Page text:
The Chargé in Mexico ( Norweb ) to the Secretary of State
[Received February 19.]
Sir: I have the honor to refer to previous correspondence regarding adequate compensation for American citizens whose lands have been expropriated under the agrarian laws.
In a recent conversation with Mr. Ceniceros, Undersecretary of the Foreign Office, he, himself, brought up the question and told me that Mr. Suarez, Secretary of Hacienda, was still studying the matter. As the Department may recall, Mr. Ceniceros told the Ambassador that the Foreign Office hoped to have some proposal to submit to the Embassy shortly after the New Year and, in view of this promise and the Department’s wish that no further pressure be brought on the Mexican Government until the question of agrarian claims already filed with the General Claims Commission had been settled, the Embassy has refrained from pressing the matter.
However, as the Department has already been informed, no provision has been made in this year’s budget for the payment of compensation to owners whose lands have been or may in the future be expropriated under the agrarian laws.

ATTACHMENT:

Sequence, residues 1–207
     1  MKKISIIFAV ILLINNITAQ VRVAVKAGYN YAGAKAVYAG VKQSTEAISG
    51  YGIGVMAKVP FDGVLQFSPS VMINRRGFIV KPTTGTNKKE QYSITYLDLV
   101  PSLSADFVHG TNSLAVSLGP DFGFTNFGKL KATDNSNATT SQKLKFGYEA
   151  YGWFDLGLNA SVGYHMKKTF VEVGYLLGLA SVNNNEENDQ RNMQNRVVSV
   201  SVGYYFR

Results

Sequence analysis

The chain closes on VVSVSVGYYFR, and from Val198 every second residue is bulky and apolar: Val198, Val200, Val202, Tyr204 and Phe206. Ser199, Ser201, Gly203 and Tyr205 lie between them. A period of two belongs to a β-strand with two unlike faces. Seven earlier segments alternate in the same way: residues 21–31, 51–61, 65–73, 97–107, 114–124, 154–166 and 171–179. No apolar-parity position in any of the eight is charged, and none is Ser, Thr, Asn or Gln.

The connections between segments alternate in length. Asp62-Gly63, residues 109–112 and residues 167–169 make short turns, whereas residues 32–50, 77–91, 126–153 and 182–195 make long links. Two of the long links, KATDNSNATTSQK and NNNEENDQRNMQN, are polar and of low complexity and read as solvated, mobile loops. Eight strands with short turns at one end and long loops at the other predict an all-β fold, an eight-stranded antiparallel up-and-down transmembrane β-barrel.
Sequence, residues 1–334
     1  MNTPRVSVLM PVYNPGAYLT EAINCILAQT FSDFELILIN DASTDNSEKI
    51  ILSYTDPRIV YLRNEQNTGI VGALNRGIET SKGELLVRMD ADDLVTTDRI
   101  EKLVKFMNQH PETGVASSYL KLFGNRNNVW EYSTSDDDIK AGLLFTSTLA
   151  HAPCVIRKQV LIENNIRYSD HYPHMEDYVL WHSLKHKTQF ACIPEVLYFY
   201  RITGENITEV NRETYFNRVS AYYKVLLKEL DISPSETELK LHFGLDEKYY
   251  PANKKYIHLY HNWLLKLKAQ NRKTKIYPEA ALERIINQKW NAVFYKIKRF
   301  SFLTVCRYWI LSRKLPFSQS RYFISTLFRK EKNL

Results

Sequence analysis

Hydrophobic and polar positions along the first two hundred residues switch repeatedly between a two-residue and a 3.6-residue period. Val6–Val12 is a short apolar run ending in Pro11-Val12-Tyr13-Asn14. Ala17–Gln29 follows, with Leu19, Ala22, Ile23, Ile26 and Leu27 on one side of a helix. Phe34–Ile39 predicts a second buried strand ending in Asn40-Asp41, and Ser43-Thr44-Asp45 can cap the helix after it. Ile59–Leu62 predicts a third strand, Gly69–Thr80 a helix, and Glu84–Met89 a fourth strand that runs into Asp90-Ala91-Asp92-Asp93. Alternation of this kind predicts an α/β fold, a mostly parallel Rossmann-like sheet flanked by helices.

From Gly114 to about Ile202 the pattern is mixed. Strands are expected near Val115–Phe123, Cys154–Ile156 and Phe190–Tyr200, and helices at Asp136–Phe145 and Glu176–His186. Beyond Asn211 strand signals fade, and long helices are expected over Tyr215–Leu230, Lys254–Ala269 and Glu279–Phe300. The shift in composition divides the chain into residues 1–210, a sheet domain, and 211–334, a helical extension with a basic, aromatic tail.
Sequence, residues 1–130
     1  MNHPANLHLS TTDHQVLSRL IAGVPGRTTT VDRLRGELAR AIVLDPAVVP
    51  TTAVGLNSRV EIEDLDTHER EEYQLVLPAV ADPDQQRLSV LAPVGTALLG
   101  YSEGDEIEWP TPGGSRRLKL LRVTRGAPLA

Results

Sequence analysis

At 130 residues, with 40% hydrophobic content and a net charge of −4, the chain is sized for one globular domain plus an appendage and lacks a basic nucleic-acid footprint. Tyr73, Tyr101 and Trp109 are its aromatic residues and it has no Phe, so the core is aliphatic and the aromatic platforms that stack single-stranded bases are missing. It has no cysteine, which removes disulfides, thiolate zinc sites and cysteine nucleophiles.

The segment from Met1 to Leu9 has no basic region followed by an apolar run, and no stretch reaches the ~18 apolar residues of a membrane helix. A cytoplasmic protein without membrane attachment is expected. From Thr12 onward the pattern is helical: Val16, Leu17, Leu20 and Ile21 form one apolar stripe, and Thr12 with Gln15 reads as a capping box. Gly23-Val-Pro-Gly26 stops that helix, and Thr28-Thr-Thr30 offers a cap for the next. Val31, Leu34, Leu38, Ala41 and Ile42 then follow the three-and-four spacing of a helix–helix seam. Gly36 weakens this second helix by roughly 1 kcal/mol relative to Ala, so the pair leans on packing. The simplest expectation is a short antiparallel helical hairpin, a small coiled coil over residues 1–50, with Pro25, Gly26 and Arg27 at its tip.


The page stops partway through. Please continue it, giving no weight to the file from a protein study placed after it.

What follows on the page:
In this connection, an article which appeared on February 12 in El Dia may be of interest. The article states that the campesino federation of the State of Hidalgo has petitioned the President not to pay the hacendados any compensation whatsoever for the lands expropriated from them on the grounds that to pay any compensation would involve the recognition of an enormous national debt and greatly retard the economic development of the country, and that, furthermore, a portion of this debt would be in favor of foreigners. The petition concludes by asking the President to take definitely the position of refusing to recognize the rights of the hacendados to receive any compensation whatsoever for lands expropriated for the benefit of the campesinos.[Page 692]
As against this petition Excelsior of today’s date gave prominence to another petition from the hacendados in which they request the Government to issue them the agrarian bonds in the amount to which they would be entitled under the Agrarian Code,2 even though it was recognized that these agrarian bonds might be of little value.
- Mexico, Codigo Agrario de los Estados Unidos Mexicanos (Mexico, 1934).↩